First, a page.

Peace and Joy

Where shall the heart find quietness and peace, a satisfying sense of repose, in the midst of the seemingly endless turmoil of human life—how gain that unvarying buoyancy of spirit which will enable one to surmount such a flood of trial and tragedy as that which is sweeping over many of earth's fairest fields today? To this question world-philosophies can make no satisfying answer. In the presence of such an engulfing catastrophe the asserted worth of mortal possessions—wealth, position, honors, culture—disappears, and all men are brought to a common level of recognized weakness and need. When the ministry of accustomed pleasure fails, when the dearest family ties are ruthlessly sundered, when even the simple joys of the fields and the sky have vanished, and not a song is heard in all the land,—in such an hour, how shall the heart escape the reefs of anguish and despair unless it is consciously anchored in the haven of Truth and Love?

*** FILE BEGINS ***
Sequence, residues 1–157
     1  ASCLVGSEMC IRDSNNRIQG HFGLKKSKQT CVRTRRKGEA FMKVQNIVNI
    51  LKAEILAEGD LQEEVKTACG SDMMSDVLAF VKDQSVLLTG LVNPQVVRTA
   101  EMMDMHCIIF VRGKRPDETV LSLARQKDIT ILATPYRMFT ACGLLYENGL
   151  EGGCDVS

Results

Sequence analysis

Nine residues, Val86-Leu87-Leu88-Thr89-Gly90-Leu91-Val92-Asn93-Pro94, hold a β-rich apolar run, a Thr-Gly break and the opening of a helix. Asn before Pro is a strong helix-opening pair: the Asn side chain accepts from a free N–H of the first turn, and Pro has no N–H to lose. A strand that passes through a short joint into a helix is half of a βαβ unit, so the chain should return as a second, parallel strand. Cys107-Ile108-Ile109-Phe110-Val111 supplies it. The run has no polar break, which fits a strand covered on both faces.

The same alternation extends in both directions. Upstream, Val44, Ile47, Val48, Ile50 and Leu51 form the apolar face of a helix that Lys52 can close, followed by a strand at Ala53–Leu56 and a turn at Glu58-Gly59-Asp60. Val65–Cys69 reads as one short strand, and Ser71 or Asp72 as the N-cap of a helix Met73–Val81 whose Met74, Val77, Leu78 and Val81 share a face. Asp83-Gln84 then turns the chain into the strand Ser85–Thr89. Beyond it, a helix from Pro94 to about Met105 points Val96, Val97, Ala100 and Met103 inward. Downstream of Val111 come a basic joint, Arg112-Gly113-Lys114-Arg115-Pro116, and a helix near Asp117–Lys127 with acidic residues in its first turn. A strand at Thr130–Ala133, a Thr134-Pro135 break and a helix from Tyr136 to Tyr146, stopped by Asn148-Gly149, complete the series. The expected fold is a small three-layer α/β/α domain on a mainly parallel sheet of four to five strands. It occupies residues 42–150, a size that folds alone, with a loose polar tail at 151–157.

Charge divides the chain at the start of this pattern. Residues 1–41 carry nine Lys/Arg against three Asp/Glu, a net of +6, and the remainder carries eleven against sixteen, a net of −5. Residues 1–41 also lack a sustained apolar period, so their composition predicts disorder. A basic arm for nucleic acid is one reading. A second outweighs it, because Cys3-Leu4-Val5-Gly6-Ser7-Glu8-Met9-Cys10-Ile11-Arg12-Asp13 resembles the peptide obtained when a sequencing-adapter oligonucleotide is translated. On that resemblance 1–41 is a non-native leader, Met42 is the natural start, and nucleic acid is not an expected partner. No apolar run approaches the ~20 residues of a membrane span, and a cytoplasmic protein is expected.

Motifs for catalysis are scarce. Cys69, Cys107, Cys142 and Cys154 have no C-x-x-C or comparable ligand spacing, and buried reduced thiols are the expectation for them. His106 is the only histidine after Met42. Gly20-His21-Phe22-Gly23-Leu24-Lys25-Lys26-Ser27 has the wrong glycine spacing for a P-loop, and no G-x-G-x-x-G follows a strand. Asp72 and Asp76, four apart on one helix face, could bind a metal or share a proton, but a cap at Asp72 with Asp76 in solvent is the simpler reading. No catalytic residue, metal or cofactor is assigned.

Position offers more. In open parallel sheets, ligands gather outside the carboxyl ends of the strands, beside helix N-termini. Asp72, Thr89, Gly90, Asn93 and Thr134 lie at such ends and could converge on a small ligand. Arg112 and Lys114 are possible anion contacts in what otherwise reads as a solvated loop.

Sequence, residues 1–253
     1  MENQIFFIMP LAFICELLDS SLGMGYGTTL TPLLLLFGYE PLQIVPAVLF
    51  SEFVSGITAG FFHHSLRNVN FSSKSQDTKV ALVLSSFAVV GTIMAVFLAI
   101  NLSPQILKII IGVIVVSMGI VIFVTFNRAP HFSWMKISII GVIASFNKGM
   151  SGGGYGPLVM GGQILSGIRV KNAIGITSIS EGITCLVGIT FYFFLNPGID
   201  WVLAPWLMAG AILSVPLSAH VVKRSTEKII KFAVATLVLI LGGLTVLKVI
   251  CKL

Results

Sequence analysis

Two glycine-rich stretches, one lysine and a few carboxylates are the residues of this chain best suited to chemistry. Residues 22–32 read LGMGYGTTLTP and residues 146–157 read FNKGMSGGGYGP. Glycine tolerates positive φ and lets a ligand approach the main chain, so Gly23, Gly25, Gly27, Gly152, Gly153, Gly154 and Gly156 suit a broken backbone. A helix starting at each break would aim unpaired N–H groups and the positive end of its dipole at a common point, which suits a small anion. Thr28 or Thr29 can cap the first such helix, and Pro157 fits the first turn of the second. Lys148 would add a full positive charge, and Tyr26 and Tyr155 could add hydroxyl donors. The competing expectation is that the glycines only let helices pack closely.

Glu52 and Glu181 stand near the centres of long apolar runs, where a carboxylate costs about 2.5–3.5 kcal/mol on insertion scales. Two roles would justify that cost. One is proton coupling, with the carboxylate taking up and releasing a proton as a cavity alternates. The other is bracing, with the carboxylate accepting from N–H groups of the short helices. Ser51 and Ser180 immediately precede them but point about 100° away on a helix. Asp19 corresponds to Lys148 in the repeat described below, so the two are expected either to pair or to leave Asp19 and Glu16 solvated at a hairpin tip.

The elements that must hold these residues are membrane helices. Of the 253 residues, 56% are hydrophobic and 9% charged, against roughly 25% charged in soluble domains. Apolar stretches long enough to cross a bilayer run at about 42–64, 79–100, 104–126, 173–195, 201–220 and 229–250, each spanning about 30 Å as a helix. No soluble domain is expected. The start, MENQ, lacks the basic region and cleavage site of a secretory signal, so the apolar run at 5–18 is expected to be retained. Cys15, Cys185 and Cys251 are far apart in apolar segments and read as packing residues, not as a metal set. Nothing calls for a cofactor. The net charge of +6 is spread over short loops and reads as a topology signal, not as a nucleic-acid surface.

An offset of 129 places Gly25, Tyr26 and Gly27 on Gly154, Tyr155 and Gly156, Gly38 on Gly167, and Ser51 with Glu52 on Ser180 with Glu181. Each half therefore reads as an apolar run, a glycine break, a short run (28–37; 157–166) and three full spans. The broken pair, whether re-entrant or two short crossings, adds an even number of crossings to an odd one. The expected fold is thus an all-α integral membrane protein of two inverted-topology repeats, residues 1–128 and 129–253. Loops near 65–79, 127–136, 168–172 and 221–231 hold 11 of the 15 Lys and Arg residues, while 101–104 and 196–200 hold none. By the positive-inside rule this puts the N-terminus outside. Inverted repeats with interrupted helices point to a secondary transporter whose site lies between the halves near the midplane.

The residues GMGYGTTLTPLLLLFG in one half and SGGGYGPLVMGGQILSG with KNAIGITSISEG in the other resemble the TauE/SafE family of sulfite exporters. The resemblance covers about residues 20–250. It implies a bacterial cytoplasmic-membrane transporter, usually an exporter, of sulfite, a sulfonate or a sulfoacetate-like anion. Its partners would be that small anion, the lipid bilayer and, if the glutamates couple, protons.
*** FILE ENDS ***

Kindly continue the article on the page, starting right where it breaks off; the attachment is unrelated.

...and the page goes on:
Though bruised and bleeding from the "many stripes" which had been laid upon them, and painfully manacled in the noisome darkness of an "inner prison," at midnight the songs of Paul and Silas were heard in all the corridors of their dismal dungeon! Manifestly they had found the source and explanation of that peace and joy which passeth understanding, for they were saved "to the uttermost," even in the hour of evil's seeming triumph. This true spiritual ground of rejoicing has been regained in Christian Science, to the unspeakable comfort of those that were sorely troubled and sorrowing, and its secret is revealed in Mrs. Eddy's counsel that we are "to know no other reality—to have no other consciousness of life—than good, God and His reflection" (Science and Health, p. 242). Think what such a realization would signify to the frightened and grieving millions at the present hour!

Lecture in The Mother Church
October 10, 1914

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